The Faithfulness and Generosity of God, Part III   1 comment

St. John the Baptist

Above:  St. John the Baptist

Image in the Public Domain

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The Collect:

Stir up your power, Lord God, to prepare the way of your only Son.

By his coming give to all the world knowledge of your salvation;

through Jesus Christ, our Savior and Lord, who lives and reigns

with you and the Holy Spirit, one God, now and forever.  Amen.

Evangelical Lutheran Worship (2006), page 19

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The Assigned Readings:

Isaiah 19:18-25 (Tuesday)

Isaiah 35:3-7 (Wednesday)

Psalm 126 (Both Days)

2 Peter 1:2-15 (Tuesday)

Luke 7:18-30 (Wednesday)

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When the LORD restored the fortunes of Zion,

then we were like those who dream.

Then was our mouth filled with laughter,

and our tongue with shouts of joy.

They they said among the nations,

“The LORD has done great things for them.”

The LORD has done great thins for us,

and we are glad indeed.

Restore our fortunes, O LORD,

like the watercourses of the Negev.

Those who sowed with tears

will reap with songs of joy.

Those who go our reaping, carrying the seed,

will come again with joy, shouldering their sheaves.

–Psalm 126, The Book of Common Prayer (1979)

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St. John the Baptist was a political prisoner.  The great forerunner of Jesus was having doubts, perhaps due in part to despair.  That was understandable.

Many Hebrews were exiles in the Chaldean/Neo-Babylonian Empire.  Other Hebrews lived in their homeland, yet under occupation.  Hopelessness was understandable.

Yet God was undefeated and not in prison.  No, God was preparing to do something new.  Egypt was going to suffer, in part because its “sages” depended on their “received wisdom” (actually foolishness), not on God.  Yet after punishment, First Isaiah wrote, Egypt was going to turn to God and become an instrument of divine mercy.  Later, in Isaiah 35, the Babylonian Exile was going to end, the prophet wrote.  And sadly, St. John the Baptist died in prison.  He was a forerunner in execution also.  Yet at least John received his answer from Jesus, who went on to suffer, die, and not remain dead for long.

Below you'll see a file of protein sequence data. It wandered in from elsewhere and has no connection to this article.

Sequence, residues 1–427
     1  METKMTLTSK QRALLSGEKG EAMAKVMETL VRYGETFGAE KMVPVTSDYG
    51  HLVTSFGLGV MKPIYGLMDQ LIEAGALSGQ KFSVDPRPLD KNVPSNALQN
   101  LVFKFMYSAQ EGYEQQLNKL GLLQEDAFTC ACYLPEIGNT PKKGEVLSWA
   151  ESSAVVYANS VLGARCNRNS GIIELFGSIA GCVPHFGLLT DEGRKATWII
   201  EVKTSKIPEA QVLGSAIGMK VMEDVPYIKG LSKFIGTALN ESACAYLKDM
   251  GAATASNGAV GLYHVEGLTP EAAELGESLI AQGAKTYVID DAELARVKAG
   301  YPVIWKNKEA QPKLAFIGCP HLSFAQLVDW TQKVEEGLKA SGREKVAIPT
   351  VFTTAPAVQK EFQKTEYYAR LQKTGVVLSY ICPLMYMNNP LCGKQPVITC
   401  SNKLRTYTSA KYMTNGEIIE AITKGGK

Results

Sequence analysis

The Kingdom of God, partially in place since at least the earthly lifetime of Jesus of Nazareth, awaits its full unveiling.  Until then good people will continue to suffer and sometimes die for the sake of righteousness, if not the reality that they prove to be inconvenient to powerful bad people.  One Christian duty during this time of evil coexisting with the Kingdom of God is building up faithful community, thereby striving for justice and reaching out to those around us.  The church is properly salt and light in the world, not an isolated colony living behind barricades and living at war with it.

You are the salt of the earth; but if salt has lost its taste, how can its saltiness be restored?  It is no longer good for anything, but is thrown out and trampled under foot.

You are the light of the world.  A city built on a hill cannot be hid.  No one after lighting a lamp puts it under a bushel basket, but on the lampstand, and it gives light to all in the house.  In the same way, let your light shine before others, so that they may see your good works and give glory to your Father in heaven.

–Matthew 5:13-16, The New Revised Standard Version (1989)

God is faithful and generous, but that reality precludes neither punishment for offenses nor suffering for the sake of righteousness.  Those who expect God to be a cosmic warm fuzzy are in error, just as those who imagine that the existence and love of God lead to an end to suffering (especially of the godly) are wrong.  Yet, if we suffer for the sake of righteousness, God is at our side.  Can we recognize the reality that God loves us, sides with us, and has suffered for us?  How will that recognition translate into thinking, and therefore into living?

KENNETH RANDOLPH TAYLOR

AUGUST 11, 2015 COMMON ERA

THE FEAST OF SAINT GREGORY THAUMATURGUS, ROMAN CATHOLIC BISHOP OF NEOCAESAREA; AND SAINT ALEXANDER OF COMANA “THE CHARCOAL BURNER,” ROMAN CATHOLIC MARTYR AND BISHOP OF COMANA, PONTUS

THE FEAST OF AUGUSTUS MONTAGUE TOPLADY, ANGLICAN PRIEST AND HYMN WRITER

THE FEAST OF SAINT CLARE OF ASSISI, FOUNDER OF THE POOR CLARES

THE FEAST OF MATTHIAS LOY, U.S. LUTHERAN MINISTER, EDUCATOR, HYMN WRITER, AND HYMN TRANSLATOR; AND CONRAD HERMANN LOUIS SCHUETTE, GERMAN-AMERICAN LUTHERAN MINISTER, EDUCATOR, HYMN WRITER, AND HYMN TRANSLATOR

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Adapted from this post:

https://adventchristmasepiphany.wordpress.com/2015/08/11/devotion-for-tuesday-and-wednesday-after-the-second-sunday-of-advent-year-c-elca-daily-lectionary/

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One response to “The Faithfulness and Generosity of God, Part III

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  1. Pingback: Devotion for Tuesday and Wednesday After the Second Sunday of Advent, Year C (ELCA Daily Lectionary) | ADVENT, CHRISTMAS, AND EPIPHANY DEVOTIONS

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